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Friday, September 17, 2021

Pissing in the public pool

Reading Time: 2 minutes 

The knock on the door from the delta variant of the COVID-19 virus has got louder over the past few months.

This has seen health authorities and political and community leaders scramble to get the vaccination message out.

Meanwhile, the communities have responded with vaccination rates now racing to 70% -80% of double dosage. Wonderful news, this opens the door to a somewhat normal life once again. The danger, however, lies in those who are vaccine deniers, and who, for one reason or another, are not willing to get vaccinated. Federal Liberal MPs including Andrew Laming and Russel Broadbent have signalled their unease with what some are calling “vaccine apartheid” – with people losing their jobs and being prevented from entering pubs and other venues if they haven’t gotten the jab. The question then is, do people have a right to refuse the jab, and still go about their business as usual?

The answer is, no. The action (or inaction) of this group impacts everyone else in society. To use a graphic metaphor, it is like going to a public pool, pissing quietly in the corner and assuming no one will be affected.

People may claim that they have a right to refuse vaccination. But that does not give them the right to put the lives of others at risk, nor to force the majority to pay for their bad decisions. Why should the soon-to-be majority of Australians accommodate those who refuse to take this simple step – especially now that we have an antidote to the virus?

READ ALSO: COVID vaccines: You cannot inoculate against irrational

With the highly contagious delta variant, the unvaccinated pose a deadly risk to others and themselves. Vaccinated workers, students, airline passengers and others who go out in public should not have to bear the risks and huge financial costs that the unvaccinated are imposing on society.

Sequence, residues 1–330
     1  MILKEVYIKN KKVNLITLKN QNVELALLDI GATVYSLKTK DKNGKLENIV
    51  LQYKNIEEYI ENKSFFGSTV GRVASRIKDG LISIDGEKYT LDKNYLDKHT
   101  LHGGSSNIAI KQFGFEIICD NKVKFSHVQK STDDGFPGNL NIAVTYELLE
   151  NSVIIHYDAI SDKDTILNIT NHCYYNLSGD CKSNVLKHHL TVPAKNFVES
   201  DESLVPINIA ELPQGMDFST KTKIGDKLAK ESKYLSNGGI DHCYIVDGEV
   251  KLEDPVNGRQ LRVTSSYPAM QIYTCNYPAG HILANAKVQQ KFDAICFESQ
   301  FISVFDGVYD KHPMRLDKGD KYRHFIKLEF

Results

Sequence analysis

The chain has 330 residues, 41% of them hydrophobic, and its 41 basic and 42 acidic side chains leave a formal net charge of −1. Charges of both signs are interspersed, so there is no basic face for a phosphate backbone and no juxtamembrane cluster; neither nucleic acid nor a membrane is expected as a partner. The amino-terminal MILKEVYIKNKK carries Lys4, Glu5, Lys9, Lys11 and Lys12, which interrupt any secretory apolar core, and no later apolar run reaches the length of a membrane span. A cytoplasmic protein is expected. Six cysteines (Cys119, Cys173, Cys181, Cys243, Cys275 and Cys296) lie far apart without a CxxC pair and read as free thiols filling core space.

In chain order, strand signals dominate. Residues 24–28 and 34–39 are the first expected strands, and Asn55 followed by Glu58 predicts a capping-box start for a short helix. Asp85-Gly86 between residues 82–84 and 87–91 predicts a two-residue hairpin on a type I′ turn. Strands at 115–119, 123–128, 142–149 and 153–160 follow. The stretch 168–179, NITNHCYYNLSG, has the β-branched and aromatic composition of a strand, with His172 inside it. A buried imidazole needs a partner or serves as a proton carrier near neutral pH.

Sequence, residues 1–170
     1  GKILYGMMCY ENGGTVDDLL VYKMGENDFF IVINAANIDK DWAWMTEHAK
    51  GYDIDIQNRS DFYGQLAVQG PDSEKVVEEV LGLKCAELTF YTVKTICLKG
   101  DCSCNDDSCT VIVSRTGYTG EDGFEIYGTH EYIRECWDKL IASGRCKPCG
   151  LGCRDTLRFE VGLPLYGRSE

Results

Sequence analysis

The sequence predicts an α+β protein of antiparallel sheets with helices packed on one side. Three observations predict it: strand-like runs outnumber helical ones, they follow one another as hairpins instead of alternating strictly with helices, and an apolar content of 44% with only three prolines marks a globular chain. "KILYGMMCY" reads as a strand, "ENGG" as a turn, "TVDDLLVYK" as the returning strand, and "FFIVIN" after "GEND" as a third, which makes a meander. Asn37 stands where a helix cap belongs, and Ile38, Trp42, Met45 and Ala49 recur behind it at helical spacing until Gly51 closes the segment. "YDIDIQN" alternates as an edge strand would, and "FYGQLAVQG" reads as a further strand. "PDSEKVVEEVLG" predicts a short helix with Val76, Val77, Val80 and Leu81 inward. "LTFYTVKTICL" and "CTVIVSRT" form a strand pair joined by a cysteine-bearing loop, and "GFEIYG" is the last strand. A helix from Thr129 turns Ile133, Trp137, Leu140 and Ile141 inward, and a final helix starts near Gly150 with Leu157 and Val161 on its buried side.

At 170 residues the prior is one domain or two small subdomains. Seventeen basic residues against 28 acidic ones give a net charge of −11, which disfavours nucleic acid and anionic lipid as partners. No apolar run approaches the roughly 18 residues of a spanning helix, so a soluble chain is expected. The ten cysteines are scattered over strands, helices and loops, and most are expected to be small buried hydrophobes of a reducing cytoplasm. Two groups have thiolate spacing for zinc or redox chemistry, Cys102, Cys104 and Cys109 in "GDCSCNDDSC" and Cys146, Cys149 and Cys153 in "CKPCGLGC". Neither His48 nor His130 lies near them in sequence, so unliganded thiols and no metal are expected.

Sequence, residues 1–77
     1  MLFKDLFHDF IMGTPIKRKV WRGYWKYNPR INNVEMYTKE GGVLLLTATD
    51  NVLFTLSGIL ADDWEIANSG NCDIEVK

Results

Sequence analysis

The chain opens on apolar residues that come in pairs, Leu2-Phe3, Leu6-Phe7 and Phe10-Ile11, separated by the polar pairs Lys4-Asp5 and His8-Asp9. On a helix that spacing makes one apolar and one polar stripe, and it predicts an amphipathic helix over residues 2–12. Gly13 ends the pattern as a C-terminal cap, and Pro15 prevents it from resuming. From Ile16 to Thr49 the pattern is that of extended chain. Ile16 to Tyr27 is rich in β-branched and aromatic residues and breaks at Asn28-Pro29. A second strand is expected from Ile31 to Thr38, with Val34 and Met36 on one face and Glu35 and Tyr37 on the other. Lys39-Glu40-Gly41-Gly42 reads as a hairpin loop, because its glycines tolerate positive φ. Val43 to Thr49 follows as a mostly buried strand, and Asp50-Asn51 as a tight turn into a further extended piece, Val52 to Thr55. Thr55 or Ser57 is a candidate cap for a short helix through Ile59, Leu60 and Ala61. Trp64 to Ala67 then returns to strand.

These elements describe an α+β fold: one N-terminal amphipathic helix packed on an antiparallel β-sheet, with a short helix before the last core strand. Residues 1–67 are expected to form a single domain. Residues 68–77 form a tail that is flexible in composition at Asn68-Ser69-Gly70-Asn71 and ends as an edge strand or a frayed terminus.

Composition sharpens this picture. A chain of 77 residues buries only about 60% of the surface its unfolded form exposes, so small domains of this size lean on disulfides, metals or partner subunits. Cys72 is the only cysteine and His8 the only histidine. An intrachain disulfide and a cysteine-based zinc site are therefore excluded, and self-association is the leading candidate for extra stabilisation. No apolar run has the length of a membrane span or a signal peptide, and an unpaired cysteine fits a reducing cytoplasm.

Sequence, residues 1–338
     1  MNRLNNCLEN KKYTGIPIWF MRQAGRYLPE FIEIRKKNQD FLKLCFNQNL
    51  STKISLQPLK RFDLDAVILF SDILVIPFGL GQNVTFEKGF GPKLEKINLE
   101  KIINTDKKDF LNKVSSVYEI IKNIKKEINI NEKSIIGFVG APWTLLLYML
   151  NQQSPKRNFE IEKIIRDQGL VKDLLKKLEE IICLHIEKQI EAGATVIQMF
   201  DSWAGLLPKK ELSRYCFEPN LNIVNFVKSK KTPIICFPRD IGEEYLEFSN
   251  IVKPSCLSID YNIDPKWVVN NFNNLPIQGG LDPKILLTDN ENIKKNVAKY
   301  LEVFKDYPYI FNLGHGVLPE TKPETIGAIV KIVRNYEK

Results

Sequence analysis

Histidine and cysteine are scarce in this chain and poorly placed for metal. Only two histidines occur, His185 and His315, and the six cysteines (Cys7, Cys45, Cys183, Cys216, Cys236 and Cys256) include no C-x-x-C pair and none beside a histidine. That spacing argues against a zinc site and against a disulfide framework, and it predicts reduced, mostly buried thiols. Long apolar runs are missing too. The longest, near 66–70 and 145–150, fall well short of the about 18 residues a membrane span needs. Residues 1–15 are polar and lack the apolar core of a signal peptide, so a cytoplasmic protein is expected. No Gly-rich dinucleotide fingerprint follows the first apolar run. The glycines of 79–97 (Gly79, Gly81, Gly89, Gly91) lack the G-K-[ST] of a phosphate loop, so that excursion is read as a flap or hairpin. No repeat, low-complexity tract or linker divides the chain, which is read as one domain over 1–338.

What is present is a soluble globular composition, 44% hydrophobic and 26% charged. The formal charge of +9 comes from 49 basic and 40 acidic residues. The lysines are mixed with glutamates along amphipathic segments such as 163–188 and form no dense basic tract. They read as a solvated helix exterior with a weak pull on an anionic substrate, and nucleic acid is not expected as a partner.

As a society, we already undertake social apartheid in many instances, and have learnt to live with this. Think of what we do with smokers. We are tough on smoking in public and in confined places where non-smokers have to breathe in the toxic fumes. We banned smoking in flights, we charge smokers higher insurance premiums.

The danger we face is a future wave of the pandemic of the unvaccinated – which will bring with it enormous lockdown costs, job losses as places of leisure and work shut down, disruption of schooling, financial flow-on effects as people struggle to pay rent and mortgages or lose their homes, and mental health pressures.

Meanwhile, as we dealt with the current lockdown and with the mammoth task of vaccinating the population, the ‘latte lines’ and ‘shisha lines’ that divide our cities became clearer than ever before. Perhaps some time in the future, social researchers will undertake a closer examination of why it was so difficult to break through to the populations in certain parts of Sydney and Melbourne at this challenging time.

Our governments at all levels, while paying lip service to multiculturalism and plurality, need to work harder in forging closer ties and better communications between the various groups into which our cities stand divided.

READ ALSO: We’ve lost the trust of Western Sydney and it’s critical we repair it


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Pawan Luthra
Pawan is the publisher of Indian Link and is one of Indian Link's founders. He writes the Editorial section.

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